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Whether you call this a personal story or nature writing, it’s poignant, thoughtful and moving—and likely to become a...

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H IS FOR HAWK

An inspired, beautiful and absorbing account of a woman battling grief—with a goshawk.

Following the sudden death of her father, Macdonald (History and Philosophy/Cambridge Univ.; Falcon, 2006, etc.) tried staving off deep depression with a unique form of personal therapy: the purchase and training of an English goshawk, which she named Mabel. Although a trained falconer, the author chose a raptor both unfamiliar and unpredictable, a creature of mad confidence that became a means of working against madness. “The hawk was everything I wanted to be: solitary, self-possessed, free from grief, and numb to the hurts of human life,” she writes. As a devotee of birds of prey since girlhood, Macdonald knew the legends and the literature, particularly the cautionary example of The Once and Future King author T.H. White, whose 1951 book The Goshawk details his own painful battle to master his title subject. Macdonald dramatically parallels her own story with White’s, achieving a remarkable imaginative sympathy with the writer, a lonely, tormented homosexual fighting his own sadomasochistic demons. Even as she was learning from White’s mistakes, she found herself very much in his shoes, watching her life fall apart as the painfully slow bonding process with Mabel took over. Just how much do animals and humans have in common? The more Macdonald got to know her, the more Mabel confounded her notions about what the species was supposed to represent. Is a hawk a symbol of might or independence, or is that just our attempt to remake the animal world in our own image? Writing with breathless urgency that only rarely skirts the melodramatic, Macdonald broadens her scope well beyond herself to focus on the antagonism between people and the environment.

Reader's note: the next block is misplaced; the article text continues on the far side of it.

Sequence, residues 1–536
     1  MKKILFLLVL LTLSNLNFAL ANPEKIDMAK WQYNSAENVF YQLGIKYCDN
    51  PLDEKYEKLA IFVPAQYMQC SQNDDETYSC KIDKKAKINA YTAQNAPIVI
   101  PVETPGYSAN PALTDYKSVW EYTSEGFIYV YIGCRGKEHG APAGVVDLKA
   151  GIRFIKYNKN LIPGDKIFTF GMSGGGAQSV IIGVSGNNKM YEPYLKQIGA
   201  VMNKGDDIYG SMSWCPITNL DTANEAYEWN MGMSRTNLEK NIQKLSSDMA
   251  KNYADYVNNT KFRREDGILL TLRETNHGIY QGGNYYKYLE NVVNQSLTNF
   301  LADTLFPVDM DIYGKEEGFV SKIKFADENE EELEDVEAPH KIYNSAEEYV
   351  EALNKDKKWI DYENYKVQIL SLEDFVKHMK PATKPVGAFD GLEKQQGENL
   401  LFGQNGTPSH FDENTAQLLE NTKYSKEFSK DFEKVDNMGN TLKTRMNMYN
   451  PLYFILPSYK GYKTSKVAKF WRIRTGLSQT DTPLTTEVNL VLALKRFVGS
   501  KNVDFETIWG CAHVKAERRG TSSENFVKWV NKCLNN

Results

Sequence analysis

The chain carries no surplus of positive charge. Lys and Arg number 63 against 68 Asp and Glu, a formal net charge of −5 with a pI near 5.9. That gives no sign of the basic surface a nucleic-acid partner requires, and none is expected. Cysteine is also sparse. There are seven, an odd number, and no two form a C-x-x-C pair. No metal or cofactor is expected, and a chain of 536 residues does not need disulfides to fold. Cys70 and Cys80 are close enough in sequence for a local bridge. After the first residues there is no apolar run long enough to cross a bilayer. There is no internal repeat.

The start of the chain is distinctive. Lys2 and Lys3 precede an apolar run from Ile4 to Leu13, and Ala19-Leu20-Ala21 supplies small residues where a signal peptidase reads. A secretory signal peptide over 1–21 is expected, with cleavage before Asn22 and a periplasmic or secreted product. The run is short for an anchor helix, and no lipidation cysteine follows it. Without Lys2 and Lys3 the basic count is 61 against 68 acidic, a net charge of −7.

Whether you call this a personal story or nature writing, it’s poignant, thoughtful and moving—and likely to become a classic in either genre.

Pub Date: March 3, 2015

ISBN: 978-0802123411

Page Count: 288

Publisher: Grove

Review Posted Online: Nov. 4, 2014

Kirkus Reviews Issue: Nov. 15, 2014